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Interview with Hardware Los Angeles

 


Meet Hardware Los Angeles, the Instagram artist putting dildos all over LA, for a good reason of course! The California based Instagram that features photography of sex tools as a way of decreasing stigma surrounding the industry and cultivating more positive conversations about sex. 


What inspired you to start Hardware LA? How would you say your own experiences played a role in that?

I was first inspired to start Hardware after my own negative experiences trying to buy sex tools. I would go into stores or shop online and be overwhelmed by the branding, packaging and products themselves -- Vibrators, dildos, butt plugs etc. would be placed next to something that was given as a gag gift or a joke.  I was tired of my sexual expression feeling like a novelty.  I decided I wanted to rebrand sex toys as tools, because I believe these objects, despite some of their branding and marketing, have tremendous power to help people build pleasure both with themselves and others. While I’m working on how exactly to implement my mission, I’m using Instagram to start the conversation.

 


How would you describe the current sex toy industry, especially when it comes to gender?

The sex toy industry is evolving and I’m constantly inspired by the work people are doing . For example, Buck Angel created the first toy designed specifically for transgender men. That’s so important. We are starting to see people create tools that are designed with REAL people in mind, not products created on a big companies (often misguided) interpretations of gender and sexuality. Still, there’s a lot of work left to do. As it stands now, I find that a lot of sex toy companies are marketing within a pretty archaic and rigid gender binary and I think that’s really hurting a lot of people in a myriad of different ways. Sex with tools has the potential to be an empowering and validating experience of someone’s identity, but people can’t experience that if there aren’t tools that are representative of who they are. By making vibrators exclusively in hot pink and bright purple, you are 1. Saying that these toys are for women 2. Giving a pretty narrow scope of what it means to identify as a woman.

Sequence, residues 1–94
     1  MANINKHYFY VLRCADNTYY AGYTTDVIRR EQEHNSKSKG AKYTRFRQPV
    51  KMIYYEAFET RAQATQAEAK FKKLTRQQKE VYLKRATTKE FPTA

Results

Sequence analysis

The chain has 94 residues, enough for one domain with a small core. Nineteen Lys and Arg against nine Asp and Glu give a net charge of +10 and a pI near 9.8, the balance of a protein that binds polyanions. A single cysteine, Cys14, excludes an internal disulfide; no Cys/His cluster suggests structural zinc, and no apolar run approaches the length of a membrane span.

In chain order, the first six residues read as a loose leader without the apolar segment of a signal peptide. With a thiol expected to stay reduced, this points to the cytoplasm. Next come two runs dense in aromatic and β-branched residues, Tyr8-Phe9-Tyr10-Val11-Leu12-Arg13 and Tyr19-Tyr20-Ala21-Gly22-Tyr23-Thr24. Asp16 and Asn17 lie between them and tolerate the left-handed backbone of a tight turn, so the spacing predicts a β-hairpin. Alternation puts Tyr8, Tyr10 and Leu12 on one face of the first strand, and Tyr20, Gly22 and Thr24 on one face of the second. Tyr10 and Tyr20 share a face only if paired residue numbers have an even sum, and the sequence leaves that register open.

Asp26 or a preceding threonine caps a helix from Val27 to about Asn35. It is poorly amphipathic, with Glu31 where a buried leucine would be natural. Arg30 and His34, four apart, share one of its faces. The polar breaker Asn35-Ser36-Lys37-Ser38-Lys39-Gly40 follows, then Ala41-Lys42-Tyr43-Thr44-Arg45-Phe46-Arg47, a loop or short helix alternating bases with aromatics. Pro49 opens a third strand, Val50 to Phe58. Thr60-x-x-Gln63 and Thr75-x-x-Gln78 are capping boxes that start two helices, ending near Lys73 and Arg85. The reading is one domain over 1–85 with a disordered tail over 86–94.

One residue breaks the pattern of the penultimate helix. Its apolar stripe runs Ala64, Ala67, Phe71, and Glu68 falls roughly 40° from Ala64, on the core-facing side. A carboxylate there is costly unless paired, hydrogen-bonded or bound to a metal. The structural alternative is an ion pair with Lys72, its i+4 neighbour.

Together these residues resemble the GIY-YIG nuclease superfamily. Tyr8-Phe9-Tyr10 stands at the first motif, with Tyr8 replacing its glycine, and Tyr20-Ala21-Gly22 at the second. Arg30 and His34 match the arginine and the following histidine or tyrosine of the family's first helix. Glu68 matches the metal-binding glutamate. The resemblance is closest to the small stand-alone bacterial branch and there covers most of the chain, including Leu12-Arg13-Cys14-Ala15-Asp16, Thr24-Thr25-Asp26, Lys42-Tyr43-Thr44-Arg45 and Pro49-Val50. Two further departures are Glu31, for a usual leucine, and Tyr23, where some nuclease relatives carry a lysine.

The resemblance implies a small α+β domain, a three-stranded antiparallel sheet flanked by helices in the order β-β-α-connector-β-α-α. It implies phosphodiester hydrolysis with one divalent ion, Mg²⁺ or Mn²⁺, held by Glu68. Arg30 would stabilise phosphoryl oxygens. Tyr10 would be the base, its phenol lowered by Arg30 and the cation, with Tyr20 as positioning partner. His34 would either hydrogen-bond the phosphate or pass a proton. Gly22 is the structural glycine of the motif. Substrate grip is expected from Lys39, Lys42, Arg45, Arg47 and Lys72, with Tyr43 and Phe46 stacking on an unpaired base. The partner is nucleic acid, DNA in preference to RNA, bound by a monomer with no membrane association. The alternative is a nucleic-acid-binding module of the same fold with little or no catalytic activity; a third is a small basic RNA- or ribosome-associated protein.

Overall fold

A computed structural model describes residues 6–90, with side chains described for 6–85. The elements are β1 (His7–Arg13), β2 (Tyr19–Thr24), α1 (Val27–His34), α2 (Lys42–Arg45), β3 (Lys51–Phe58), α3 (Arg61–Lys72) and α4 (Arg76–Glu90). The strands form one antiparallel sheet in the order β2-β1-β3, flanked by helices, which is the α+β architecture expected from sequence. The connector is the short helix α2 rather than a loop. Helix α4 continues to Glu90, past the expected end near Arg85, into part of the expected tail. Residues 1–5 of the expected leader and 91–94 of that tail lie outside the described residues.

Why do you think it’s important to normalize conversations around sex?

I believe that communication is the cornerstone of great sex. Normalizing conversations, allows people to feel comfortable talking about what feels good for them, things they want to try, feelings, etc. It’s also so incredibly important when it comes to consent. If we can give permission to people, young people in particular to voice how they feel about sex, and masturbation -- conversations about consent will start feeling like more of a given.

 


If you had to give your younger self sexual advice for the future, what would it be?

I would probably write my teenage self a novel if I could. There’s so much I want to say. I think the biggest thing I would tell her, is to get in touch with her own pleasure.  So much of my youth for me and for many people around me, was about trying to keep up and be relevant. We didn’t want to be left out of the conversations about sex, so we engaged without really knowing what we wanted, thus creating a pretty toxic and uniformed sexual culture among our peers.  I would tell her to become an advocate of her own body and her own sexual experience. Knowing what you want, allows you to say no to what you don’t want.

 


Where do you see the evolution of Hardware LA heading?

The future of Hardware will always be about creating more constructive conversations about sex and sex tools, which could take it down so many different avenues. My focus right now is on growing the Instagram and evolving it into more of a community. That being said, I’m also working on creating my own line of sex tools with a focus on artistry, inclusion and education.

Check out Hardware Los Angeles on Instagram @hardwarelosangeles 

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